password authentication, since that only establishes identity in one
direction. WEP is a weak encryption system, and there are lots of tools to
crack it. But, if you use the longest possible keylength, and change keys
often, it provides greatly improved security.

"mcnewsxp" <mcourter@mindspring.com> wrote in message
news:s5nwc.13558$Yd3.11893@newsread3.news.atl.earthlink.net...
> is this something *remotely* like a password?
>
>
>
Anonymous
a b F Wireless
June 5, 2004 11:22:00 PM

Archived from groups: alt.internet.wireless (More info?)

ok. i think i git it.
thanks for details.


"gary" <pleasenospam@sbcglobal.net> wrote in message
news:8jnwc.4348$Jy.1749@newssvr23.news.prodigy.com...
> No. A password is used for authentication only - it's a phrase that only
you
> are supposed to know, and if you provide it when challenged, it indicates
> that you are who you say you are. At least, that's the theory, in practice
> passwords have obvious limitations.
>
> A WEP key is for encryption, not authentication. If you have WEP enabled,
> every single 802.11 frame is transmitted with the payload encrypted.
> Receivers - which must have the same key as transmitters - decrypt the
> payload when the frame is received. The WEP key is merely used make the
> scrambling on your network different from the scrambling on your
neighbors'
> nework.
>
> If you use encryption, then you also get authentication, since no
networking
> is possible unless all stations use the same key. And it's better than
> password authentication, since that only establishes identity in one
> direction. WEP is a weak encryption system, and there are lots of tools to
> crack it. But, if you use the longest possible keylength, and change keys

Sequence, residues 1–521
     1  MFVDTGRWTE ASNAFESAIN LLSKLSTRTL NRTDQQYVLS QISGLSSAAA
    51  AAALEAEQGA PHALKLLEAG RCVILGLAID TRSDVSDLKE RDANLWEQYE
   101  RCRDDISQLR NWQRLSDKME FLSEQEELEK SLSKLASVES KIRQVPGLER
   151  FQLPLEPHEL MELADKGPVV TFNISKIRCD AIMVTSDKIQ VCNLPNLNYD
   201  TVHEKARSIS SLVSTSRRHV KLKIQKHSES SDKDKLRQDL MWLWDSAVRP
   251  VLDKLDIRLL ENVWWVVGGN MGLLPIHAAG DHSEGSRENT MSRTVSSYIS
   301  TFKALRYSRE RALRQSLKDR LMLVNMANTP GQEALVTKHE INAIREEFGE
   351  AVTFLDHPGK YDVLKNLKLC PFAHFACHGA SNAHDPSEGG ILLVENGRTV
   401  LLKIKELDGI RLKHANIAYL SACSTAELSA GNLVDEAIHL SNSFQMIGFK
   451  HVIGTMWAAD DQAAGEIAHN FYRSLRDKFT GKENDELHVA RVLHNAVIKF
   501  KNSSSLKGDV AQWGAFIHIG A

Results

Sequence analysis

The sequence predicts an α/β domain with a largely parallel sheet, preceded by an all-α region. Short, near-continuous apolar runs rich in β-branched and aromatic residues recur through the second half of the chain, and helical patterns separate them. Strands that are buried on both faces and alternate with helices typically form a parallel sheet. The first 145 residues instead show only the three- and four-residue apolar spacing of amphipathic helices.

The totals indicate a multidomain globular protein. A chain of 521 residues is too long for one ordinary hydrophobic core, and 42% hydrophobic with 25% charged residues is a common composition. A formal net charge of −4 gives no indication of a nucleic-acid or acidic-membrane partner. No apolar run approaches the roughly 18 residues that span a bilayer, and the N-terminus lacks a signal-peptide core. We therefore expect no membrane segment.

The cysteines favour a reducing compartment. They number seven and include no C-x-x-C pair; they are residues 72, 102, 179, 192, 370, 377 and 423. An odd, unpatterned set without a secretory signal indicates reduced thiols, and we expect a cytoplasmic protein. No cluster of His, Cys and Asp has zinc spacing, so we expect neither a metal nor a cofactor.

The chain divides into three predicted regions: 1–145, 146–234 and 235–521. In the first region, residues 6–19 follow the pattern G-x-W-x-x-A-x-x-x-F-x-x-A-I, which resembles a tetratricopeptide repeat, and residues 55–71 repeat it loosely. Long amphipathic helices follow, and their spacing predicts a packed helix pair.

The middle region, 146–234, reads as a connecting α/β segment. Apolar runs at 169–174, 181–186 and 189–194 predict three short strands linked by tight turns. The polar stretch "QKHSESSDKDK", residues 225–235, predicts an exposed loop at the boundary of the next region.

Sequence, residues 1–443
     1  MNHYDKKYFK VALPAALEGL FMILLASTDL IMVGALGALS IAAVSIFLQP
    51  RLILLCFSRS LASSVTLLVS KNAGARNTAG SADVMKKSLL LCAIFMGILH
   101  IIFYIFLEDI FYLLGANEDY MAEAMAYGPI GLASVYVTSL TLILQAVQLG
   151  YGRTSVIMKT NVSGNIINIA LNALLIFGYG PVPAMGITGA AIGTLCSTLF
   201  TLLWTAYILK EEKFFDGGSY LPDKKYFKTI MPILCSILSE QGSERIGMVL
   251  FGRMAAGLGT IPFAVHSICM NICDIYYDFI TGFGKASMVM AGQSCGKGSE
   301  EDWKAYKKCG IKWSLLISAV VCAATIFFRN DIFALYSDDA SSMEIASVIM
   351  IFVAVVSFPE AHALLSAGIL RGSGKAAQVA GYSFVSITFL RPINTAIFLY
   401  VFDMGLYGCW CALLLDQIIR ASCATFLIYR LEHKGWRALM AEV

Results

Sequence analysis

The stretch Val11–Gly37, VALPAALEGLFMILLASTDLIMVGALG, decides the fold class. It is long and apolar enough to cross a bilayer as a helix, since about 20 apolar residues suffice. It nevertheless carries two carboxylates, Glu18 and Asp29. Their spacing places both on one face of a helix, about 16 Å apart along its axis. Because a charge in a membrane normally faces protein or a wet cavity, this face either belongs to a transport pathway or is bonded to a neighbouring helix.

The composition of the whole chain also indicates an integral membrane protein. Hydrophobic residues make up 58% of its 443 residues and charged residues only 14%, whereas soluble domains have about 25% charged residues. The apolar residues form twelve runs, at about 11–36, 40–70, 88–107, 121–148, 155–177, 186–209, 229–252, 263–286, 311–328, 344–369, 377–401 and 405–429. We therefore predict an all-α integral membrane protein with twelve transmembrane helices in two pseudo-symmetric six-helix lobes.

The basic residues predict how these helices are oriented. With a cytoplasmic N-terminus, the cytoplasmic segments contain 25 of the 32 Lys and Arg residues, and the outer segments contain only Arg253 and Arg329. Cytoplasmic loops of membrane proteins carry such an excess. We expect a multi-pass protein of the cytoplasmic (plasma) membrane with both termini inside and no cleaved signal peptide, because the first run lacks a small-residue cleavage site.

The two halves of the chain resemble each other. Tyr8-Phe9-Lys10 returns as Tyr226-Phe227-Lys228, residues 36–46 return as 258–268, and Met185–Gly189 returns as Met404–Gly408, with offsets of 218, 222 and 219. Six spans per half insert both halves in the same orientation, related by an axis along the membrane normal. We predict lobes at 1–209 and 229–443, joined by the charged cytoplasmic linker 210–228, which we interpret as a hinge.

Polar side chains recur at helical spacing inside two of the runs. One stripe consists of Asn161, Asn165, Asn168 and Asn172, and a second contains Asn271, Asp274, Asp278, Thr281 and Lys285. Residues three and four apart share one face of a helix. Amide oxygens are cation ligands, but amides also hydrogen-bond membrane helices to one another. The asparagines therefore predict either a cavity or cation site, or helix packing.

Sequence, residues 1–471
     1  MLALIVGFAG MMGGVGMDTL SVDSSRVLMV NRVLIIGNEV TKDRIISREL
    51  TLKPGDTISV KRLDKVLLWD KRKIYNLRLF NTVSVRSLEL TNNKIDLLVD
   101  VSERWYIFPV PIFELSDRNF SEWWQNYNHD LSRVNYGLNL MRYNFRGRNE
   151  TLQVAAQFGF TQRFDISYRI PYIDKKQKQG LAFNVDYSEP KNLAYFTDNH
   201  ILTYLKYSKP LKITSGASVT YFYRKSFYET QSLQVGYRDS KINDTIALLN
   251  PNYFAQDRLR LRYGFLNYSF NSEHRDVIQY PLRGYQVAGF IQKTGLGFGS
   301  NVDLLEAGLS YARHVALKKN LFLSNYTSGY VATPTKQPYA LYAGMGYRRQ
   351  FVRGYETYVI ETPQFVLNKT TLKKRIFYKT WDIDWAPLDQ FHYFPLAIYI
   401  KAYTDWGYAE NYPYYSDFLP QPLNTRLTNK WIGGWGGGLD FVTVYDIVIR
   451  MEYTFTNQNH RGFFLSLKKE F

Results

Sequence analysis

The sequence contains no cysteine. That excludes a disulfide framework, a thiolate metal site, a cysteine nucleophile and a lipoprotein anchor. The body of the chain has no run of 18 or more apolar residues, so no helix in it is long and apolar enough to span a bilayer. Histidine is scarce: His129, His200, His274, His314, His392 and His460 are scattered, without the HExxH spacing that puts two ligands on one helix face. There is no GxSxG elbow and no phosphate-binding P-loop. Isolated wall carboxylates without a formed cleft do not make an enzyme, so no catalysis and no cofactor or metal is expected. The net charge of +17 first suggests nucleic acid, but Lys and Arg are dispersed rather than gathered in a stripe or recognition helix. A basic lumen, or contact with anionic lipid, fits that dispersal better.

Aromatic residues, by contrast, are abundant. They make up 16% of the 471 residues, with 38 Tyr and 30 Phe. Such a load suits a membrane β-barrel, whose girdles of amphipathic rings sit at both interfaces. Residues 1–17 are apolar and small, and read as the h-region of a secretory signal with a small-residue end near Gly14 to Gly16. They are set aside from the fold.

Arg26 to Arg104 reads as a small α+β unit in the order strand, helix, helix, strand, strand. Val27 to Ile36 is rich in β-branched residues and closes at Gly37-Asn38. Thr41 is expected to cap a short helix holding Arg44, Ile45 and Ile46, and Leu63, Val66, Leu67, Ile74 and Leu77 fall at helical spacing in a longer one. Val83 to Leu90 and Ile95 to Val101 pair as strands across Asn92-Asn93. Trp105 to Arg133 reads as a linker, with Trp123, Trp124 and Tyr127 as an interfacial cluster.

> often, it provides greatly improved security.
>
> "mcnewsxp" <mcourter@mindspring.com> wrote in message
> news:s5nwc.13558$Yd3.11893@newsread3.news.atl.earthlink.net...
> > is this something *remotely* like a password?
> >
> >
> >
>
>
Anonymous
a b F Wireless
June 6, 2004 1:09:55 PM

Archived from groups: alt.internet.wireless (More info?)

"gary" mentioned...
> for simplicity I recommend you use only 1 key.

One router here for certain, I think another also do require four keys
client and ap in same order when config'd as a Shared system.
Anonymous
a b F Wireless
June 6, 2004 5:43:30 PM

Archived from groups: alt.internet.wireless (More info?)

how do client PCs use or see the keys?
June 6, 2004 9:47:12 PM

Archived from groups: alt.internet.wireless (More info?)

I suspect, from your questions, that you need to read some basic tutorials.
Try

http://www.wi-fiplanet.com/tutorials/article.php/136866...

You can click the "tutorials" tab, or search by topic, to find other
articles.

All encryption assumes that sender and receiver share a key. In assymetric
encryption (like public-key) the shared key is used only in the encrypting
phase, and the receiver has a private non-shared key to decrypt. In
symmetric encryption (like WEP) sender and receiver share the same private
key.

That means that the router and *each* client in the system must be
configured with exactly the same key. That's the only way they "see" the
key. Actually, there is a suffix to the key (the IV), generated
automatically by the sender, which is sent in the frame and retrieved from
the frame by the receiver.

The way the key is used is complex. The key, extended by the IV, is used in
an algorithm called RC4 to create a string of bytes that are exclusively
or'ed with the text.

"mcnewsxp" <mcourter@mindspring.com> wrote in message
news:6cFwc.15264$Yd3.14660@newsread3.news.atl.earthlink.net...
> how do client PCs use or see the keys?
>
>
June 6, 2004 9:50:34 PM

Archived from groups: alt.internet.wireless (More info?)

"bumtracks" <user@unknown.org> wrote in message
news:D bBwc.7339$QI2.1303@nwrddc02.gnilink.net...
>
> "gary" mentioned...
> > for simplicity I recommend you use only 1 key.
>
> One router here for certain, I think another also do require four keys
> client and ap in same order when config'd as a Shared system.

You never need to configure more than one key, although many passphrase
generators will fill in all key slots automatically. If you use the same
generator on the router and all clients, no problem. But for a beginner,
choosing keys manually, I recommend configuring exactly one key.

It should be the first (and only) key entered into the keylists on every
station in the network.

>
>
>
!